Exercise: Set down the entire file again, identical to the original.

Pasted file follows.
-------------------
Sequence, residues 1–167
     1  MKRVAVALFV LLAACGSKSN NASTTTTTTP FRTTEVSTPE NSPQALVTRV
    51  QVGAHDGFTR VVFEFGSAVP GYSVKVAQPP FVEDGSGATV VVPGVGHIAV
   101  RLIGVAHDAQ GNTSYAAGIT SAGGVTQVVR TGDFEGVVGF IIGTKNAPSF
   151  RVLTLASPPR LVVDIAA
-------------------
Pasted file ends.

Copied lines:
Sequence, residues 1–167
     1  MKRVAVALFV LLAACGSKSN NASTTTTTTP FRTTEVSTPE NSPQALVTRV
    51  QVGAHDGFTR VVFEFGSAVP GYSVKVAQPP FVEDGSGATV VVPGVGHIAV
   101  RLIGVAHDAQ GNTSYAAGIT SAGGVTQVVR TGDFEGVVGF IIGTKNAPSF
   151  RVLTLASPPR LVVDIAA